A senior All-China Federation of Trade Unions (ACFTU) official said
in yesterday's People's Daily that workers in less than
one in three foreign-invested ventures are unionized.
"Some enterprises, Wal-Mart being representative, turn a blind
eye to China's Trade Union Law and set very negative examples for
the country's unionizing effort," said Guo Wencai, ACFTU
organization department director.
Under pressure from the ACFTU, Wal-Mart Stores, the world's
biggest retailer infamous for blocking the establishment of unions
worldwide, announced last November 23 that it would permit union
branches in its Chinese stores if employees requested it.
The ACFTU responded two days later, saying that it was ready to
assist the establishment of unions for Wal-Mart employees, of whom
there are around 20,000 in more than 40 outlets in 18 Chinese
There have been no reports of any unions in Wal-Mart branches
being set up since then.
Guo said the majority of the foreign enterprises respect the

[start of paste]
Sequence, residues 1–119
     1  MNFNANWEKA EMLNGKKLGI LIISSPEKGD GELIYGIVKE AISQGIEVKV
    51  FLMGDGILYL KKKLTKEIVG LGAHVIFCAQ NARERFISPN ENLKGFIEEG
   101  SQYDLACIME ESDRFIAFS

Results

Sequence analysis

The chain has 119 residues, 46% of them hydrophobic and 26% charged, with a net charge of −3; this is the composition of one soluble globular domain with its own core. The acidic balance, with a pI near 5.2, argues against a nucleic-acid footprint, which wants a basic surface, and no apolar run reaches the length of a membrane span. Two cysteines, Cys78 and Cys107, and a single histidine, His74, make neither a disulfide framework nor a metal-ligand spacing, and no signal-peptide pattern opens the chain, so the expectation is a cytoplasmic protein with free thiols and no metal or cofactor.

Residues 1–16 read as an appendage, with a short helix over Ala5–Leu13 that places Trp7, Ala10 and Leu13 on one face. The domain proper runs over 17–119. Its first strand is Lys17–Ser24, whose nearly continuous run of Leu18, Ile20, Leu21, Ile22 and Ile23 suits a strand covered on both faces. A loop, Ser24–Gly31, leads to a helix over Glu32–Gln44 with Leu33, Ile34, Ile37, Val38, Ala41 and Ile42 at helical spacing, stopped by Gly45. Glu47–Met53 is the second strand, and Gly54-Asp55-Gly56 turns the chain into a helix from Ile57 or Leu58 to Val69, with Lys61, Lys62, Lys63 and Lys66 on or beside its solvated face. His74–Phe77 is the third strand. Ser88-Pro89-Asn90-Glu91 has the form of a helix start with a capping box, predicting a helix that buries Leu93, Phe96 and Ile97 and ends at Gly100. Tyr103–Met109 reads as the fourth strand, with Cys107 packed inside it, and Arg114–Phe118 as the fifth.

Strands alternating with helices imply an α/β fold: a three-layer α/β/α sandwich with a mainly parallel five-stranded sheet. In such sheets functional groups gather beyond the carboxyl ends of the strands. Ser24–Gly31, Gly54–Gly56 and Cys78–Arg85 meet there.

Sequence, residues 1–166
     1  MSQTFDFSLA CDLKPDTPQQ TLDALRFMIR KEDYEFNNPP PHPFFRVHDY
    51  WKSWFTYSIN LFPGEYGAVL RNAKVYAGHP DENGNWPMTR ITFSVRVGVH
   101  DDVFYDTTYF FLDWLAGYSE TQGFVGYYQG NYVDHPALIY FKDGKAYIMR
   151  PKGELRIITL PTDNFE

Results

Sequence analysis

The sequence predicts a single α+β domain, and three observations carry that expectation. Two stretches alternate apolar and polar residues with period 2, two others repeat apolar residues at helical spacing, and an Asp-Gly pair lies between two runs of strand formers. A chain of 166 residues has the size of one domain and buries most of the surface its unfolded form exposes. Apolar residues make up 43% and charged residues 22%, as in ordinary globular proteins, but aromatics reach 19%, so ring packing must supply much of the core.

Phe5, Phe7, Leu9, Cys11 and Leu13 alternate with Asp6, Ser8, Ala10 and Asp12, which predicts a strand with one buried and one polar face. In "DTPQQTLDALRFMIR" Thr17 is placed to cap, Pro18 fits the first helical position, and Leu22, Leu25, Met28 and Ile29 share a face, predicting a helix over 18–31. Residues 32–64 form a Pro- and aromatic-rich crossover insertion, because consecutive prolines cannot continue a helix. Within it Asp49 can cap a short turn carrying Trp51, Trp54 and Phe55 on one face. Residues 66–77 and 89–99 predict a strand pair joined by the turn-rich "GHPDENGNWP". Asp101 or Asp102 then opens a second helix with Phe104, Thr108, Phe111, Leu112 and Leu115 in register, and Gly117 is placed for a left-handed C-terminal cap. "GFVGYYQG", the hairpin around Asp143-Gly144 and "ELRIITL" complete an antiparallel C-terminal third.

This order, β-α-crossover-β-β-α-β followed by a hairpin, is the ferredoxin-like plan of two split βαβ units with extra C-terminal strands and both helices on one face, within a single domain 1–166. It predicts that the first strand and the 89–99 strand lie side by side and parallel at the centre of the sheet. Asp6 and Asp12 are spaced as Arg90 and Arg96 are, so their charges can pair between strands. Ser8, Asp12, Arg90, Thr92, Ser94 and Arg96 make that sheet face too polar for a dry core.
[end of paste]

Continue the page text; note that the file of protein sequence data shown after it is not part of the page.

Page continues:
country's labor laws and support employees joining trade unions.
However, employees at only about 160,000 of the 480,000 foreign
firms in China have so far been unionized.
The ACFTU official urged workers in foreign companies to set up
unions to harmonize labor relationships, adding, "After being
unionized, better-protected employees will be motivated to work for
healthy business development."
Guo accused some local governments of acting as "protection
umbrellas" for foreign enterprises that discourage workers from
unionizing, with some local officials more interested in how much
capital can be attracted from overseas.
The ACFTU plans to encourage unionization by raising awareness
of its benefits amongst workers. Yang Honglin, another ACFTU
official, said trade unions should assume responsibility for
speaking out on behalf of workers and seek the best solutions to
(China Daily April 29, 2005)